MetalMiner welcomes a guest viewpoint from Brad Brooks-Rubin, Of Counsel at Holland & Hart LLP, on conflict minerals compliance.
Leaving the DRC now to make conflict minerals compliance cheaper and simpler will only double your company’s trouble, as I began laying out here.
At present, a number of positive and potentially game-changing efforts are underway on the ground to develop conflict-free supply chains. It is true that the conflict in the DRC will not be eradicated solely through the efforts of these activities, but most informed observers have recognized that achieving the goal of the conflict minerals law depends in large part on their success.
That is, because extraction of these minerals is largely undertaken by artisanal miners, the long-term and sustainable solutions to the problem rest on the implementation of approaches and interventions that prioritize economically viable sustainable development, which reduce the vulnerability of the miners, their communities, and the mining sector as a whole to exploitation and conflict.
And that narrative is taking hold with advocates like the Enough Project and Global Witness, which helped make section 1502 into law and continue to monitor its implementation. Look at the “corporate rankings” developed by Enough, for example, and you will see most of the questions and criteria emphasize the need for companies to keep their supply chains engaged in the region. The first “main gap” identified is “Ensuring that ‘conflict free’ is not ‘Congo Free.’” Global Witness recently made similar recommendations.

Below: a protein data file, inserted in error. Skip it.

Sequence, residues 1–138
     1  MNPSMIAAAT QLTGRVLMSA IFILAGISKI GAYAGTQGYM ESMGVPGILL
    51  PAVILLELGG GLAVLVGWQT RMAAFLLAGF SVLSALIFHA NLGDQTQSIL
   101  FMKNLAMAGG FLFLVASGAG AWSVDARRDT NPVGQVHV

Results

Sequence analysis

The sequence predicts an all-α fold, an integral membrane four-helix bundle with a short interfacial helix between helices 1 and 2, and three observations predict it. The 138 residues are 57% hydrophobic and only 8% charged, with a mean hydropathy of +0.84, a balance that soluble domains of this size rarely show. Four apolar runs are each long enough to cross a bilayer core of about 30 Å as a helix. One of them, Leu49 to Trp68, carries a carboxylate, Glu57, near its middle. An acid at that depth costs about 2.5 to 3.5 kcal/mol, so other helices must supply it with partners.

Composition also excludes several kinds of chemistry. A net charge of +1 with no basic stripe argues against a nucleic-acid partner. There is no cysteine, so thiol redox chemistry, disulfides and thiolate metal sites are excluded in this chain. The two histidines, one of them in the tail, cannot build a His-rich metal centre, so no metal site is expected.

These are the same advocates whose analysis will likely form an important element of the public response to the 1502 reports submitted by companies. And the more they see companies whose supply chains were simply redirected away from the DRC and Africa as a whole, the more they will likely still point to those companies as not living up to the spirit of the law, as abandoning Congo, and as worthy of criticism from the media and from consumers.
So, if you go, as the Clash song goes, that trouble will be double.
In Part Three, find out how your company can manage the trouble and still keep it from doubling. If you’re involved in the tin, tungsten, tantalum or gold supply chain in any way, tell us what you think – leave a comment below!
Editors’ note: The viewpoints, perspectives and/or opinions of guest contributors do not necessarily reflect those of MetalMiner, its sponsors, clients or partners. Contact the author directly here.